The Humble David Godman Asks The Great Nisargadatta About Enlightenment

In this beautiful interview, “Remembering Nisargadatta Maharaj,” (thanks, Alexandra, for sending this to me!), David Godman, who has done much to make Ramana Maharshi’s teachings more widely available, speaks of his meetings with Nisargadatta. Everything below the “*” is from Godman’s interview/essay. Especially moving is what Nisargadatta says at the very end.


My question was really, ‘If one discounts the theory of reincarnation, which you seem to do, how can someone like Ramana Maharshi get enlightened with no desire for it, no effort and no practice, while everyone else struggles unsuccessfully for decades and fails?’

‘It’s the chemical,’ announced Maharaj. ‘Some people are born with a pure chemical and some are not. Those with a pure chemical get enlightened, and those with an impure chemical don’t.’

‘The chemical’ was one of Maharaj’s idiosyncratic analogies or metaphors. I think it was derived from the chemical on a roll of film. We are all issued with a ‘chemical’ at the moment of conception, said Maharaj, and that is our destiny for this life. In one sense it is like a roll of film, a script that has been given to us for this life. Traditional Hinduism teaches that we have prarabdha karma, an unchangeable destiny for this life that is an inevitable result of actions that have been performed in previous lives. Maharaj couldn’t incorporate past-life activities into his ‘chemical’ theory, but he did have an alternative selection of factors to offer.

I can’t remember whether it was during this particular conversation or on some other day, but I remember asking him about the components of ‘the chemical’. He replied that it was a combination of a wide variety of factors: parents’ genes, astrological configurations at the time of conception, the future environment that one was going to be brought up in – these were just a few that he mentioned. These all coalesced at a particular moment and issued a body, or rather an embryo, with its appointed destiny.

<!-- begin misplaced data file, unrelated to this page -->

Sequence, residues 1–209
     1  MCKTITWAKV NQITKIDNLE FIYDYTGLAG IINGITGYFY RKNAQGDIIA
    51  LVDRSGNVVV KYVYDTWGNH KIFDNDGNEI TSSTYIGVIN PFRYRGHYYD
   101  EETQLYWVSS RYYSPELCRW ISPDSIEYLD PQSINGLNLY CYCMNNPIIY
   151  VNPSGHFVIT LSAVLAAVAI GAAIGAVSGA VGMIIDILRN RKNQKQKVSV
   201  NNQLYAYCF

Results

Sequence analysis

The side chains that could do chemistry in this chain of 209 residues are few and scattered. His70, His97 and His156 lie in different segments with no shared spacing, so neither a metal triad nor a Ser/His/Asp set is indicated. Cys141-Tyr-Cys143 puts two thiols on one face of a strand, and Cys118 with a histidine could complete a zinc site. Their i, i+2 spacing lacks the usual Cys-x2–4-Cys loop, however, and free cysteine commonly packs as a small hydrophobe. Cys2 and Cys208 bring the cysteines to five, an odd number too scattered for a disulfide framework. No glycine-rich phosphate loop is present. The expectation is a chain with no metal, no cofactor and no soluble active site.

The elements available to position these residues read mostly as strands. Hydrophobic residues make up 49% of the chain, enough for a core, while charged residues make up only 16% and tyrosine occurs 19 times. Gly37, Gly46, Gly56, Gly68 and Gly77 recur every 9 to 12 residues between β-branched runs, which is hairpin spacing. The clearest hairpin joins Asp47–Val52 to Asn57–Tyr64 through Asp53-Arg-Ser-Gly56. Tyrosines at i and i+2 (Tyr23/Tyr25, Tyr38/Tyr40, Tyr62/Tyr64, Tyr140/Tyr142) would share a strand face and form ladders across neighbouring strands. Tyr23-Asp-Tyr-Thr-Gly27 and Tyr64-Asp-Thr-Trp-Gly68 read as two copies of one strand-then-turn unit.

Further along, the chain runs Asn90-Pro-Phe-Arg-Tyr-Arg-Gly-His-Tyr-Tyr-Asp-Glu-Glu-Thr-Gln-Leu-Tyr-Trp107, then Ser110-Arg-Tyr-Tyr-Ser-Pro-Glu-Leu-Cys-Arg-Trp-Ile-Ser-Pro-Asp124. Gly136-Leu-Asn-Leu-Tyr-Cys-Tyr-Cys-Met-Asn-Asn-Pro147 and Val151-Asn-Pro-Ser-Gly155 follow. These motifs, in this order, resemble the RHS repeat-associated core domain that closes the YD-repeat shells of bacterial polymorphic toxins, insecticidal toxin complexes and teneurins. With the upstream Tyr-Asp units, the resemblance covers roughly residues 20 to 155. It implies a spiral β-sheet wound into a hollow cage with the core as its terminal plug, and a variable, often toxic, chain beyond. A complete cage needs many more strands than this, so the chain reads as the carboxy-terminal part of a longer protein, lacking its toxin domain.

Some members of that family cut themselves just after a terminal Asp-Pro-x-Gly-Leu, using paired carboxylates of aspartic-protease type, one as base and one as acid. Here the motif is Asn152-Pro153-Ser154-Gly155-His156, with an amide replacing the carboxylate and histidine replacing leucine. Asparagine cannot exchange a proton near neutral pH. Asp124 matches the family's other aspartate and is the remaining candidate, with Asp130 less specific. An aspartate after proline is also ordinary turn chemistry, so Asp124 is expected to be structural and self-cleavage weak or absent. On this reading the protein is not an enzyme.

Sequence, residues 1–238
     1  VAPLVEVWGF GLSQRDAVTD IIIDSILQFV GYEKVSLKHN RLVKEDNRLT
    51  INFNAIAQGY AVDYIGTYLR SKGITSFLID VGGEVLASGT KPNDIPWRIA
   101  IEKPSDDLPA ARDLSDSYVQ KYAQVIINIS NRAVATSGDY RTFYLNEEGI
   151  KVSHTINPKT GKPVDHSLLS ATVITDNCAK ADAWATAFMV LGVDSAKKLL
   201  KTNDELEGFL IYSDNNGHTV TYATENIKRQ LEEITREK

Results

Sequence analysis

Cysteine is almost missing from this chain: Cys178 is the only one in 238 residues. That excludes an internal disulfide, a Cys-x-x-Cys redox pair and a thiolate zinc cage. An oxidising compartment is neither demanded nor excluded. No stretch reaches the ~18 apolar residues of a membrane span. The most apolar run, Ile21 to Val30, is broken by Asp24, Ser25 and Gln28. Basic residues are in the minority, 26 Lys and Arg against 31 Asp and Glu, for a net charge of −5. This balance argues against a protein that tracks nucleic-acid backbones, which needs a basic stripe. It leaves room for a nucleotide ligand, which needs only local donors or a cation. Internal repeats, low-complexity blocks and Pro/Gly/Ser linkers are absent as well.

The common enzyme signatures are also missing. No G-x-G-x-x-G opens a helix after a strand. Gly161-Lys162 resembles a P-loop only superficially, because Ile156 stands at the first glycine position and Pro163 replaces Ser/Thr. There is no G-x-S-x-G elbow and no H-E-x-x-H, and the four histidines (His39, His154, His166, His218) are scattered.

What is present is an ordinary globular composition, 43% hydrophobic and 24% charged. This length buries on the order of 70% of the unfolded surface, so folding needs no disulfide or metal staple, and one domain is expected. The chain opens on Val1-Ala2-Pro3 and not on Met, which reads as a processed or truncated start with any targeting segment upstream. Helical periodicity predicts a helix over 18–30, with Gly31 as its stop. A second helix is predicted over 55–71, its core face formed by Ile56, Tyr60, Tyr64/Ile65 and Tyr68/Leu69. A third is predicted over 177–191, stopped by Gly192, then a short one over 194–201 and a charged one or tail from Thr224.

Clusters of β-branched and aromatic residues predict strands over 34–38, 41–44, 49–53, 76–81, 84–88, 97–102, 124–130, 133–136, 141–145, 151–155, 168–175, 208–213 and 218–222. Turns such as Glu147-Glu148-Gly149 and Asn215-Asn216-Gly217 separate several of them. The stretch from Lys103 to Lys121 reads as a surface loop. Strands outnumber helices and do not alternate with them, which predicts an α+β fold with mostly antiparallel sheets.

‘This is all very deterministic,’ I said. ‘If the purity of the chemical determines whether or not we get enlightened, why should we even care about it or not? What is the point of trying or not trying, wanting or not wanting, if the purity of the chemical has already decided the matter for us in advance? We may as well all go home.’

Maharaj replied, ‘No, it is not completely determined in advance. The vast majority of people in the world are born with a dirty chemical. Nothing they do or don’t do will make any difference. Enlightenment is not for them, and most of them won’t even care about such matters. At the other end of the spectrum there will be an extremely small number of very pure beings who will become aware of their true nature without any striving or inclination.’

He didn’t say so, but I assume he would have put Ramana Maharshi in this category.

‘Between these two extremes,’ continued Maharaj, ‘there are a small number of people whose chemical is only slightly impure. These people have a chance to get enlightened. If they can meet with a Guru who can show them the truth and if their earnestness and seriousness are high enough, they can purify their slightly dirty chemical and find out who they really are. That is why we are all here today. People who come to a teacher with a strong thirst for freedom are the ones who have only a few impurities. They are the ones for whom liberation is possible.’